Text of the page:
“The making of a “making of”
For this second term of university we were given a brief with two options, the first was to write a script based on the 1950’s and bring it to life in the most professional way possible, and the second option was to produce a “making of” documentary for any of the 12 short films that were going to be filmed.
I chose to just be a part of the documentary side of this project as a producer because it was closer to what I want to do further down in my future and also it had less limitation “script wise”, as long as it had to be in a making of format, it had a wider range of outcome options.
As a producer, now I have realized that I hadn’t that much to do since it was a pretty straight forward thing to do: filming the “behind the scenes” of what was going on in the shooting sessions.
The first step for this project was to get a team and decide which role was going to do each one of us. We got Serena as our director and camera, Yago as co-director and camera too, Minh and our editor and logger and me, Isabel, as the producer.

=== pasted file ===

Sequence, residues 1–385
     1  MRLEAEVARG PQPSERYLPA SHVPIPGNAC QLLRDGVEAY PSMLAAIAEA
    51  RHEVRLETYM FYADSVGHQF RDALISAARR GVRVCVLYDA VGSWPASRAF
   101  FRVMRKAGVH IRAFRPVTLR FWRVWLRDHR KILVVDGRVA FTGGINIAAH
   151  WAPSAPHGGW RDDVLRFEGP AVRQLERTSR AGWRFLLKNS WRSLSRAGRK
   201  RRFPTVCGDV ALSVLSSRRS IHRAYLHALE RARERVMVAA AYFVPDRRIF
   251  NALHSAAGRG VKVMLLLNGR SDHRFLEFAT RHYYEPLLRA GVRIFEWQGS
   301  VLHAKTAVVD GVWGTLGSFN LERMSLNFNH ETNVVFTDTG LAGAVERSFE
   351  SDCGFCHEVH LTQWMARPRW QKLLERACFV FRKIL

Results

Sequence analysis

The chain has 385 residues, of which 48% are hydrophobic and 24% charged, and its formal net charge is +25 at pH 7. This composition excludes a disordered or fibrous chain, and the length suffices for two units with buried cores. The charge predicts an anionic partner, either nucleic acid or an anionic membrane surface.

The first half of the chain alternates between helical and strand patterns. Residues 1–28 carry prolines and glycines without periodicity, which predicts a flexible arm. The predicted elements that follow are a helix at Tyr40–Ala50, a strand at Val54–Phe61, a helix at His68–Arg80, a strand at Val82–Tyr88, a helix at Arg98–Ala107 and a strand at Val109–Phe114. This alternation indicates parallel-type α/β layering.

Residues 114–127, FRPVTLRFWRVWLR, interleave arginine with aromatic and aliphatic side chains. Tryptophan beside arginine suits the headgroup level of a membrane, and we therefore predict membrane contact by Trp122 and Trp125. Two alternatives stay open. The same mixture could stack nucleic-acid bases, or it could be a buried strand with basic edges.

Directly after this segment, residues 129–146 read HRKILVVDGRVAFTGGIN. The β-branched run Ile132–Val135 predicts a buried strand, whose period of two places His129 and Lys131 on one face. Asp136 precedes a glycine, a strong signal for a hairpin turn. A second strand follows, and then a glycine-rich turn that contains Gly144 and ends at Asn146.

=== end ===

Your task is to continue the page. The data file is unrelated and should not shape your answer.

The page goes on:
As I came a bit later from the Christmas break, when I got to go to the first meeting, the rest of the team had already had chat about how they wanted to approach the documentary and what outcome they wanted more and less.
We all agreed that we wanted something very natural, that showed the real behind the scenes on set. Serena’s suggestion was to interview different girls working on the main films to also get a little bit of the “equality between genres” topic, but not through highlighting the negative facts, but instead, through the questions asked on the interviews, just get the main differences and get a bit of the real experience on set from a woman’s point of view.
All in all was going pretty well and we were all agreeing on mostly everything.
The second part of the project had to come to start: FILMING.
As a producer/production manager, I had to organize all the shooting schedule and everyone’s call times and finishing hours and their duties on that day.